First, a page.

People ask me: “How do you come up with all those cool blog posts?” Not really.
But one surefire way is actually to do kind of a large-hadron collider (it should be the super-bozon collider, given most of what I read, but there are no bozons in physics, sadly…just bosons) and just slam one thing I read into another and see what kind of connection comes out.
With that as a preface, let me collide two things I read today: Thomas Frank’s column about the American slander on elites in the WSJ, and an article on the EU’s latest scheme to pull power away from those pesky people.Here’s Franks:
Well, now the main events of the ’60s are 40 years behind us, and still we can’t shake them. In the last national election, we redebated the Vietnam War. In the one coming up, we will be forced to debate Barack Obama’s not-even-tenuous connection to the Weathermen. (We will probably not be asked to judge the poisonous legacy of the Young Americans for Freedom, although McCain adviser Charlie Black was actually a leader of that group.)
We can also be fairly sure of the word that will be used as the demon decade is again wheeled out: elitism. In the ’60s-as-remembered, the conflict that overlays all the others from that period was between ordinary, hard-working Americans and the privileged kids who went to fancy schools where they learned to disrespect the American flag and call the police names. Like the ghost of Archie Bunker, this peculiar class war has appeared over the years whenever some well-polished liberal is in need of a comeuppance.
He ties the resentment to kind of a hollow American consumerism, and the striving driven by a kind of Babbitry which Nixon channeled so well.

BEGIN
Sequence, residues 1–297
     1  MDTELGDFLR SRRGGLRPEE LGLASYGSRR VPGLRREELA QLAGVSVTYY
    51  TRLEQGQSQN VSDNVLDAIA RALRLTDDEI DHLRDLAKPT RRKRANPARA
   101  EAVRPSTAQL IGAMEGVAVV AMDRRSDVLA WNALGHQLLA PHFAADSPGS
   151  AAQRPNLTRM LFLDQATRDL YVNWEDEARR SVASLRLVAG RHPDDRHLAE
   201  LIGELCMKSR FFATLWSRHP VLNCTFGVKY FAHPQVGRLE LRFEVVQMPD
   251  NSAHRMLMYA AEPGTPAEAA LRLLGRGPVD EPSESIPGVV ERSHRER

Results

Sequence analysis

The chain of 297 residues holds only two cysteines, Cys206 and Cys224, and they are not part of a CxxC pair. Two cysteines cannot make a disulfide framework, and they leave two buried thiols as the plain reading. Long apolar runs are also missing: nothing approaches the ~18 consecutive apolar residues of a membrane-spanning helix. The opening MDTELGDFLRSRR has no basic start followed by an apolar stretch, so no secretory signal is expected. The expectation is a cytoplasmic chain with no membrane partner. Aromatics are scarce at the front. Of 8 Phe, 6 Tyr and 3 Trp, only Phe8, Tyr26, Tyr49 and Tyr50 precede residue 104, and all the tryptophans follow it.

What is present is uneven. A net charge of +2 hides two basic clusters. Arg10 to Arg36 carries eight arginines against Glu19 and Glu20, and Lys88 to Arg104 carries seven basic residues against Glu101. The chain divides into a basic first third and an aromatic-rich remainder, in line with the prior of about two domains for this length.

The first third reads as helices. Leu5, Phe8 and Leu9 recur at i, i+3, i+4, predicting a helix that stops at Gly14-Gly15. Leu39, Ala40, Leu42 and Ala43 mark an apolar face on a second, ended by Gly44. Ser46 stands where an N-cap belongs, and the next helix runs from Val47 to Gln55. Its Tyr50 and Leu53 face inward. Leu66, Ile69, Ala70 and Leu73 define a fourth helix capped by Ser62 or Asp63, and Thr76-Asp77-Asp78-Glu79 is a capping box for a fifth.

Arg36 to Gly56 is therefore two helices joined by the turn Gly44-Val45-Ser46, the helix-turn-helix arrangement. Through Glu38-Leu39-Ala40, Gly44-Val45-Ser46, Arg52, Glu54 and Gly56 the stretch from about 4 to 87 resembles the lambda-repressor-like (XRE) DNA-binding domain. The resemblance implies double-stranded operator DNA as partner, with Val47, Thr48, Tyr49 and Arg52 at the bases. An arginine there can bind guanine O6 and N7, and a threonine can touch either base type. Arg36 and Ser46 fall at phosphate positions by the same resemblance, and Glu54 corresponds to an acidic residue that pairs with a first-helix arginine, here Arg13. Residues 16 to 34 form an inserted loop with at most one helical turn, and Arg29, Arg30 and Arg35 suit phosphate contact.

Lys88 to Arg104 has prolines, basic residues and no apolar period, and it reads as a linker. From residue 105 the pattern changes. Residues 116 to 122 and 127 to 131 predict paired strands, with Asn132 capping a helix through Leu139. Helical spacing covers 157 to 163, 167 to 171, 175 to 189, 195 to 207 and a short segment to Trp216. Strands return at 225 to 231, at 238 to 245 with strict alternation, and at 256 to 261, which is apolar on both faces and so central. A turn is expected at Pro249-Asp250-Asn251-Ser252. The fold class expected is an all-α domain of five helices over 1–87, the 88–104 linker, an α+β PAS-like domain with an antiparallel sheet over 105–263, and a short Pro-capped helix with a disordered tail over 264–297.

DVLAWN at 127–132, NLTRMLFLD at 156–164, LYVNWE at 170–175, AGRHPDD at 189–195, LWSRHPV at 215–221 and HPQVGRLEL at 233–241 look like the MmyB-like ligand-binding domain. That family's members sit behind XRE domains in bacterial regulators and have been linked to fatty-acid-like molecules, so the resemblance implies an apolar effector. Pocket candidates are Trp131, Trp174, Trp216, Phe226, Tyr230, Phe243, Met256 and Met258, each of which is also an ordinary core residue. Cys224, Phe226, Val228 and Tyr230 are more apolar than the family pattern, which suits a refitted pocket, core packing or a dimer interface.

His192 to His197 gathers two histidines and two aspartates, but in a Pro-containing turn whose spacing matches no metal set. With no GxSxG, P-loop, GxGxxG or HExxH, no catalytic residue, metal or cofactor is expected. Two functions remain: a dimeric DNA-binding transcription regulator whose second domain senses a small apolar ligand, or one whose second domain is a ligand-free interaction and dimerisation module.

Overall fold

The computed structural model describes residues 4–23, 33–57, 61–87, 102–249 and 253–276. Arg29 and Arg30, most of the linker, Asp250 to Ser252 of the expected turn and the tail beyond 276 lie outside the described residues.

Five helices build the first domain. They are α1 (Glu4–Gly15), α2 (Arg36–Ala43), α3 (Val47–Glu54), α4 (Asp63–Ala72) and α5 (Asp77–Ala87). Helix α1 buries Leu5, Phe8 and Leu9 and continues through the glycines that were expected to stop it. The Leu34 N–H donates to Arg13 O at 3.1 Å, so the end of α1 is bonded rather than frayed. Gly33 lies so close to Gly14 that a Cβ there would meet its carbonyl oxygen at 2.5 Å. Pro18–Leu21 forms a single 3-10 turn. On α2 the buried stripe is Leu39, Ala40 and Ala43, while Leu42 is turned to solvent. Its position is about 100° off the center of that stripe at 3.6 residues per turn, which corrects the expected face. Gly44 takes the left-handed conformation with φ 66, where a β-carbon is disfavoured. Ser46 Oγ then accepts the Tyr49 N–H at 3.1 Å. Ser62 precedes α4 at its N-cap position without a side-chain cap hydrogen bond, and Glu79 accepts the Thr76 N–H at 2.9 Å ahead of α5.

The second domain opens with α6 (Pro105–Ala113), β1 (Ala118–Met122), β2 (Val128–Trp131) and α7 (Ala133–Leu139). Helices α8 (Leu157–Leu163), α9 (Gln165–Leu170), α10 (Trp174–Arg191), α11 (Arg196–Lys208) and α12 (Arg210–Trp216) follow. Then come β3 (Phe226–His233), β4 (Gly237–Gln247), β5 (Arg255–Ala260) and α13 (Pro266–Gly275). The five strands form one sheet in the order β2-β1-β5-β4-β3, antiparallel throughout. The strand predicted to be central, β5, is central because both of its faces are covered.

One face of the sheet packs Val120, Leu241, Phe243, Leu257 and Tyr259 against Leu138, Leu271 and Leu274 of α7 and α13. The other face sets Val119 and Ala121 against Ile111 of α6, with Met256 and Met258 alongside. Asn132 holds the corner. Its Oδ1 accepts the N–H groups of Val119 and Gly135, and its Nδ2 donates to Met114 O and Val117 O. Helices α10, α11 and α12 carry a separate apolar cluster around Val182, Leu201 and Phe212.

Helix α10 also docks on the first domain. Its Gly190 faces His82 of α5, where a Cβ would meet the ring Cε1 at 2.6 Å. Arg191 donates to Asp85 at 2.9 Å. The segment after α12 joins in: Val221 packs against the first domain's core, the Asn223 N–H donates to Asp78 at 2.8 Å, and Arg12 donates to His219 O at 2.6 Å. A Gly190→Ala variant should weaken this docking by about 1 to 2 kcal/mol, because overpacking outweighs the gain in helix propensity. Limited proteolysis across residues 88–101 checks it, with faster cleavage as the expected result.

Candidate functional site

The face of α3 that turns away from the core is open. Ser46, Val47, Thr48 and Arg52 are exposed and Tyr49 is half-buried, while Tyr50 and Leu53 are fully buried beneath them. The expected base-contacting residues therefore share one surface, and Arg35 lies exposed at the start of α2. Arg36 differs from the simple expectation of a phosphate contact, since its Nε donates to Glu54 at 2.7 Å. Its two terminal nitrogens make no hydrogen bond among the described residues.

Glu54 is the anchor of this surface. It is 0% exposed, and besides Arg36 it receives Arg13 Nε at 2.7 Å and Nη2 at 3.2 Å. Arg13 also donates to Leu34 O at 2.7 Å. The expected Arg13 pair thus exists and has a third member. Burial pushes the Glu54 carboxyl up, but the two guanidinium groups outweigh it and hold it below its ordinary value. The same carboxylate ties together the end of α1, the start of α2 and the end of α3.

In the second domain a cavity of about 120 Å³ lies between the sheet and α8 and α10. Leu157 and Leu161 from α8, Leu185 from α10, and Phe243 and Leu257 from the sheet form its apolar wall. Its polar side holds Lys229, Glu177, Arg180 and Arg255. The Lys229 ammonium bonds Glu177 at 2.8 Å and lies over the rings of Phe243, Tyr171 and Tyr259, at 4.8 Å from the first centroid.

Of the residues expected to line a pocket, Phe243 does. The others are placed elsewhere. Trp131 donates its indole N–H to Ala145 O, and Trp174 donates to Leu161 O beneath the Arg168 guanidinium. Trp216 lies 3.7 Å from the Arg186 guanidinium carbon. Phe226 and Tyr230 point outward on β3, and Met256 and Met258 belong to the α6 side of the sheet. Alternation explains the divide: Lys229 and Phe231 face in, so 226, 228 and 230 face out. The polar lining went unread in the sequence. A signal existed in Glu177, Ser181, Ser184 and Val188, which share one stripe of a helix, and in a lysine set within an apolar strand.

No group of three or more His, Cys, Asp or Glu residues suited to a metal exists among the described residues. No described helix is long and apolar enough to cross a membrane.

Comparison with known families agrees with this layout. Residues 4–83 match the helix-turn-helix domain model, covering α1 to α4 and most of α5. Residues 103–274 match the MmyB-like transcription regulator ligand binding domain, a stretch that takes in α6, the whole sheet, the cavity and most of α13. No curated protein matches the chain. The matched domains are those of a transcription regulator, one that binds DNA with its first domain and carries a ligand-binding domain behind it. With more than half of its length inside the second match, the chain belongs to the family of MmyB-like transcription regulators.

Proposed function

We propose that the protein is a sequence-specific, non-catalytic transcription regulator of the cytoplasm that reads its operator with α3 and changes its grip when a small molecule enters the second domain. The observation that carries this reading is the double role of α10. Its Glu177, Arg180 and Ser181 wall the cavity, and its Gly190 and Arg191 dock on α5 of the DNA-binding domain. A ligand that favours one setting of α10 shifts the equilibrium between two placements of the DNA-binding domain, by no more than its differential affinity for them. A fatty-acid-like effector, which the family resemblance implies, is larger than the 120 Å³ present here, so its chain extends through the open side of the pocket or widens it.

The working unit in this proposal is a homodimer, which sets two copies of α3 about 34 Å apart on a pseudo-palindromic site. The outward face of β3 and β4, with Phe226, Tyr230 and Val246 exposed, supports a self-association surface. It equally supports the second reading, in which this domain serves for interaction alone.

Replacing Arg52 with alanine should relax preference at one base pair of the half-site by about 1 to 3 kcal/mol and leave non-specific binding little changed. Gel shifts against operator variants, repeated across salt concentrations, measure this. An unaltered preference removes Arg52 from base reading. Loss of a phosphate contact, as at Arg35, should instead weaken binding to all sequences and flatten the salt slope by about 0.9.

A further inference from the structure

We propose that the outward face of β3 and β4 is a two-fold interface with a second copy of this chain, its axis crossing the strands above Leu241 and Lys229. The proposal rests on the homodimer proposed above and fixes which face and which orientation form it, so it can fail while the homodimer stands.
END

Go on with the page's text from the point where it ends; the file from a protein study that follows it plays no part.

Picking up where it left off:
Yes, this culture is elitist. Just walk down the aisles of your local, union-free organic grocery, unutterably cool but way beyond your price range. Or stroll through the most upscale shopping district of your city, where you might notice the fake-shattered windows favored by one national retailer, evidently trying for that ’60s look while not losing any stock to actual looters.
Yes, it’s offensive, too. It’s meant to be that way, to remind you always that you are not hot; that you’ve bought the wrong brand; that the vanguard is way ahead of you; that, with your organization-man craving for health benefits or job security, you probably need to be fired.
Then again, there’s this news from Europe:
The European Union assemblyâ€™s political establishment is pushing through changes that will silence dissidents by changing the rules allowing Euro-MPs to form political groupings.
Richard Corbett, a British Labour MEP, is leading the charge to cut the number of party political tendencies in the Parliament next year, a move that would dissolve UKIPâ€™s pan-European Eurosceptic “Independence and Democracy” grouping.
Under the rule change, the largest and most pro-EU groups would tighten their grip on the Parliamentâ€™s political agenda and keep control of lavish funding.
Simply put, the elites that run Europe – where you move on an assembly line from elite school to elite college to professional school to Brussels – want to keep those messy “folks” from breaking their iron rice bowl.
I wrote about my own similar experiences back in grad school:
While I was there, there was a small controversy that I followed. It involved the effort of the student government to evict from the student union one tenant, and to replace it with another. This is to me, the perfect example of SkyBoxing, and I hope that telling the story will help define what I mean.